Tomorrow night, Heinisch will join a few of his Factory X teammates as he faces North Dakota’s Tyler Vogel on the preliminary card. Vogel is 2-0 as a pro, with both of those battles taking place at welterweight.
“I know he likes to talk a lot of shit,” Heinisch said. “He’s one of the most vocal opponents I’ve ever had. He likes Facebook messaging me, and it got so annoying. I just blocked him out of all of it. It was getting to the point that he’s obsessed. Like every two days, he’s sending me a message. So, he’s a guy from North Dakota, and his record is like 2-0, but every guy he’s fought I don’t even think has a win on their record. And every guy I’ve fought has a good, winning record. And he seems confident. I’m excited for him to bring it, but I expect it to be over in the first round by submission or KO.”
In the day and age of social media, internet trolls come out from under their bridges pretty regularly. Why Vogel is trying to taunt Heinisch is a bit of a mystery, especially considering that Vogel’s two previous opponents share a combined record of 0-7. Some of the trash Vogel is tossing is pretty heavy.
“He says my team sucks, I suck, I have fake muscles, I’m a bitch, I do yoga, blah, blah, blah,” Heinisch said. “I mean, everything. The dude’s obsessed. He’s posting pictures of me throwing combos online and then he would share it on his page, saying, ‘He’s never going to catch me with any of this.’ And then he’d take it off real quick. He’s finding me on Instagram and liking my pictures. He’s just annoying, and we’re not in the UFC — we’re not trying to sell fights.
“He thinks that he’s Conor McGregor — everyone does now, ever since that whole fad and trend has been going on. I don’t know what he’s trying to do. Honestly, I think he’s scared and he’s just kind of hyping himself up because he doesn’t have the skills and experience to even talk about. As he’s talking about my team sucks, Chris Camozzi goes out in the UFC and gets ‘Performance of the Night’ [and] Dustin Jacoby wins a four-man tournament in GLORY for an immediate title shot, and these are all guys at my weight that I train with. I don’t know if he’s training in a garage or some little gym out in Montana. I don’t know.”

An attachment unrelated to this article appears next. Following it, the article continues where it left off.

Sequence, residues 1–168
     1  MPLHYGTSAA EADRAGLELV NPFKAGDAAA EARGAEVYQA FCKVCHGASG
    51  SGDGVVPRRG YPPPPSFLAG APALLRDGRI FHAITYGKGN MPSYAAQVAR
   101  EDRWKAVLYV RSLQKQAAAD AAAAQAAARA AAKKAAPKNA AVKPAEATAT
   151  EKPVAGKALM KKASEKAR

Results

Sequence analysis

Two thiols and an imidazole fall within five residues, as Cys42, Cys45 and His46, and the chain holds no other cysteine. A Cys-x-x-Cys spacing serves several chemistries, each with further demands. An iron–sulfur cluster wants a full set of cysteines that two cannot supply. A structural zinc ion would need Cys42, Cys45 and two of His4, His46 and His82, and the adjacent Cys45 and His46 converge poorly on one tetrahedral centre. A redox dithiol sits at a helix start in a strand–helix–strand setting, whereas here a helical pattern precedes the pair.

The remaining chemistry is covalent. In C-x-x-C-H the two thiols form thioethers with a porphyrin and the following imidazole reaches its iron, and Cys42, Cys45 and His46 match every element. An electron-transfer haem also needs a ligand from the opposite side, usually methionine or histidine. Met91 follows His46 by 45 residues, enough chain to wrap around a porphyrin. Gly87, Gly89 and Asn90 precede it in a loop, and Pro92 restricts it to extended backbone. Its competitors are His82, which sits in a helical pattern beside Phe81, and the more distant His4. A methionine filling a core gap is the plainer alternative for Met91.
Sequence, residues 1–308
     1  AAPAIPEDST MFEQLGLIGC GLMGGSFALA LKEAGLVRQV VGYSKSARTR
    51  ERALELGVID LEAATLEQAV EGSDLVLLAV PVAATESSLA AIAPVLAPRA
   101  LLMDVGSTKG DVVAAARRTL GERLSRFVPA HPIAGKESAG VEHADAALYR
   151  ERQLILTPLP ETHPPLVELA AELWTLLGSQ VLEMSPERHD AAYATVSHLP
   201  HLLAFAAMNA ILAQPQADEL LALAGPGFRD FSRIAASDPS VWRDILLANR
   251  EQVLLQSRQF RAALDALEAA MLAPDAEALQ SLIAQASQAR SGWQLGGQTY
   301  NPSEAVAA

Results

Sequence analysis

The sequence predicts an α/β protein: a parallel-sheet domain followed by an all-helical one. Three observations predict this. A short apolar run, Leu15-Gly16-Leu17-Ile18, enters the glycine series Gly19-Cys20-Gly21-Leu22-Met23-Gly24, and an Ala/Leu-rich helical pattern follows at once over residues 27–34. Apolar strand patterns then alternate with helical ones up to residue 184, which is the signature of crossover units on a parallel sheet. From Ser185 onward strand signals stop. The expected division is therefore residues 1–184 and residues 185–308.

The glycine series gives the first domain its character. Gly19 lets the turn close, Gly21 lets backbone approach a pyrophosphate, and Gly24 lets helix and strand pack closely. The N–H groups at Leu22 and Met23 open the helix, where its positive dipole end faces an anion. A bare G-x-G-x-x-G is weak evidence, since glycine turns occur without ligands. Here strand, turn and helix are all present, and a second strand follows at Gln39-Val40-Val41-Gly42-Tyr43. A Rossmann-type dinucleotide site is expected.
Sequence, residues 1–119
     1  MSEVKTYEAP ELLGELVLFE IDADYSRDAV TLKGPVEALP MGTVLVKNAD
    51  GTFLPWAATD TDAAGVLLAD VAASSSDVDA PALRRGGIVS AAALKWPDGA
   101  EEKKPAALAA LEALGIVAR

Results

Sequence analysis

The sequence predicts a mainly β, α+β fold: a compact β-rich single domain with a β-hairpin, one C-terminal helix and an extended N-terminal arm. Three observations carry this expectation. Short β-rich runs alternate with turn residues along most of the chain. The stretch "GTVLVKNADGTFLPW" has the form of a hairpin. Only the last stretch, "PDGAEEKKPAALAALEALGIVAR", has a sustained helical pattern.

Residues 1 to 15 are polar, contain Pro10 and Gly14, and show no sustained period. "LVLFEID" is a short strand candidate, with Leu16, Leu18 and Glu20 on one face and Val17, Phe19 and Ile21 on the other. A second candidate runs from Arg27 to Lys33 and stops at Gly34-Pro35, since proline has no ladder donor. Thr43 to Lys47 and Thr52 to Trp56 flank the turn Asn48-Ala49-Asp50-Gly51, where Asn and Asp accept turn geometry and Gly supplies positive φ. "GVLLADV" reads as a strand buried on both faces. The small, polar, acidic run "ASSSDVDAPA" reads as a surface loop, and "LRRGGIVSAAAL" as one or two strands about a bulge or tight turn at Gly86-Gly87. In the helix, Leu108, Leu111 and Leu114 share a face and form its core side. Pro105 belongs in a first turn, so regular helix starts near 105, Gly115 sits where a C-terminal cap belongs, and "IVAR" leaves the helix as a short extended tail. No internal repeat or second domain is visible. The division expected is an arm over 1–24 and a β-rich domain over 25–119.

Heinisch would have much preferred a more experienced, more professional opponent, but he doesn’t feel that the WSOF brass really wanted to ruin Devela’s promotional debut.
“They just signed Cory Devela, and it wouldn’t look good if I just stomped him in his first fight in WSOF,” said Heinisch. “I mean, they just gave the guy a four-fight contract. So, I mean, look at Kris Hocum. He’s on the main card, making good money, fighting my teammate Josh Cavan, and I just dominated him three months ago. I’m not even on the main card; I’m on the prelims. So, for me, it’s just a means to an end. I’m just going to go out there and show them what I do. I’m a class act, and I wouldn’t mind seeing what they have to offer to me after this.”
Heinisch may sound bitter, but he realizes this is how to play the game. He has a bookmark in the UFC, and his whole focus is on continued wins as he climbs closer to hitting his goal. Heinisch is focused solely on his career, and that dictates his schedule on a daily basis.
“Honestly, all I’ve been doing is training,” said the Coloradan. “I’ve dedicated 100 percent of my life to this. My schedule’s ridiculous. I mix in yoga, I mix in running, and I do my strength and conditioning at Landow Performance. Other than that, my schedule is full. I’m just on the verge of breaking through to the UFC. I’m 4-0 , and I think with a few more wins this month and next month, I’m going to be ready for a short-notice fight.”
Past transgressions aside, Heinisch is ready to make a statements. He may not be on the televised card, but he is ready to put on a head-turning performance. Vogel is in for a rude awakening. Realistically, a guy with a pretty weak record should not be taunting a guy who is 8-0 in his combined pro and amateur careers going back less than two years.
“I’m going to give him a slice of humble pie and send him back to his farm in North Dakota. I’m going to put on a ‘Performance of the Night,’ and they’re going to see that I’m respectful and I’m a professional.”